The outbreak of pandemic H1N1 influenza appears to be waning in the United States and Canada and may be nearing a peak in the rest of the world, but it is impossible to predict what will happen with influenza viruses, the World Health Organization said today. "It's too early to say whether activity is peaking in the northern hemisphere and at this point it is also not possible to predict what we are going to be seeing in the springtime," Dr. Keiji Fukuda, special advisor on pandemic influenza to the WHO's director-general, said at a telephone news conference in Geneva. "We continue to see that most activity is in the Northern Hemisphere with lower levels in the Southern Hemisphere... What you see in one country is not necessarily what you are seeing in another country."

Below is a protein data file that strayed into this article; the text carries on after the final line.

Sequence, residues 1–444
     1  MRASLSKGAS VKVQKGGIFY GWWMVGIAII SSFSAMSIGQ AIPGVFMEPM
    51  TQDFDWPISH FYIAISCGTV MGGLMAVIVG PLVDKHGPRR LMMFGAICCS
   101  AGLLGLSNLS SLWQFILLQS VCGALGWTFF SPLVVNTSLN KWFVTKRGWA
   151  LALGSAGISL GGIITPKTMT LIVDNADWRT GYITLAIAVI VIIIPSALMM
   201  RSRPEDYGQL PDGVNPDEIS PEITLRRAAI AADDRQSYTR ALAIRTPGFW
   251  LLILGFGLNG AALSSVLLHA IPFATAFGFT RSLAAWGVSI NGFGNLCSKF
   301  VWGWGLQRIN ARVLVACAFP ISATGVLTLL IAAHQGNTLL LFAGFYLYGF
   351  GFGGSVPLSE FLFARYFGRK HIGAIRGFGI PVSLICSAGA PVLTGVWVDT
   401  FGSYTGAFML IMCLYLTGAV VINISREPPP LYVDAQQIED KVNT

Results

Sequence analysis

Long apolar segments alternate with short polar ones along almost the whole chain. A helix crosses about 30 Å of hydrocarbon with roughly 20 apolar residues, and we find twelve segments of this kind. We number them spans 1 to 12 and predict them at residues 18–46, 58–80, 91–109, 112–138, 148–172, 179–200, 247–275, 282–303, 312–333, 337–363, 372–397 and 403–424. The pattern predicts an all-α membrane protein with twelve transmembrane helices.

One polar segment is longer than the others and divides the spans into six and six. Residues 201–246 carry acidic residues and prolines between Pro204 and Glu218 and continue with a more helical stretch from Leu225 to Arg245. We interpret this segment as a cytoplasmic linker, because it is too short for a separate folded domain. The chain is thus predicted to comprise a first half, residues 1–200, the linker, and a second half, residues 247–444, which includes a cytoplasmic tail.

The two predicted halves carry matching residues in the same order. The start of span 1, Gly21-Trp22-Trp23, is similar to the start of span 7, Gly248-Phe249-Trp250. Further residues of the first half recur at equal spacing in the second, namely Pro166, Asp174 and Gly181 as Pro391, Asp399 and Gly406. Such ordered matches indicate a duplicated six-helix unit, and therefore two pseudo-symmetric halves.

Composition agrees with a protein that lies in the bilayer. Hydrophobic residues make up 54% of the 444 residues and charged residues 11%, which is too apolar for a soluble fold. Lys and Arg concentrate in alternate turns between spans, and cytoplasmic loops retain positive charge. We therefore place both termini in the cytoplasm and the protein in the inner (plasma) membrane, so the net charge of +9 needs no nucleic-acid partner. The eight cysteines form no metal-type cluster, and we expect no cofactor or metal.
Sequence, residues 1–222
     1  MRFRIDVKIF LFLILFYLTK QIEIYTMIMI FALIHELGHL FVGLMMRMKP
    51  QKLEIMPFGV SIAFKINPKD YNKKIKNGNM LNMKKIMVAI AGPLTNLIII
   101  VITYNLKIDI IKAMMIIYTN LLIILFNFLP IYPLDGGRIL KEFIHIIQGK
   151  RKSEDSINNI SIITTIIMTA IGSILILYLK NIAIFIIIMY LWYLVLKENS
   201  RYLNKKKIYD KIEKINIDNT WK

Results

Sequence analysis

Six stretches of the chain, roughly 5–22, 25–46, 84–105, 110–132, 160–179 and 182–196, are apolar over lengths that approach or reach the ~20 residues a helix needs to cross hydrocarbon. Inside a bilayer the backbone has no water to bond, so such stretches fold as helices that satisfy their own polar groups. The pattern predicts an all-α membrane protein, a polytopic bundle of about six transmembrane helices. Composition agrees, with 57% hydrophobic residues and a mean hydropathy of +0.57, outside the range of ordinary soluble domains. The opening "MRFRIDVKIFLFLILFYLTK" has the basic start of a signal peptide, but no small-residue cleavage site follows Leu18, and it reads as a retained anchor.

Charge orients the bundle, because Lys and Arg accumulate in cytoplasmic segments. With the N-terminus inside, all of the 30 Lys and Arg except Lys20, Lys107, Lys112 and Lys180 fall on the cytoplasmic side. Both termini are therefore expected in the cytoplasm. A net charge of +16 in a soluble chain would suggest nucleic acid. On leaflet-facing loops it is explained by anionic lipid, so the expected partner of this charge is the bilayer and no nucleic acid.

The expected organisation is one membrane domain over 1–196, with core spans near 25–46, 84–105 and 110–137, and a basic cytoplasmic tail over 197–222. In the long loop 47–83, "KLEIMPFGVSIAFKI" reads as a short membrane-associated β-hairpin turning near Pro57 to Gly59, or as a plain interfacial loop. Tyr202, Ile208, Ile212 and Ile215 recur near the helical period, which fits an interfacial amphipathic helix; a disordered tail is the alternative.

Fukuda acknowledged that the virus has proved less lethal than authorities originally feared. "It is possible there could be unexpected events which occur as we go through" the pandemic, he said. But "it is quite possible to have a pandemic on the milder side and if we are experiencing that, and if the number of serious cases is kept down ... this is something for which we should all be thankful."
Fukuda said that more than 150 million doses of swine flu vaccine have now been distributed in about 40 countries. The United States, with at least 70 million doses, represents nearly half that total.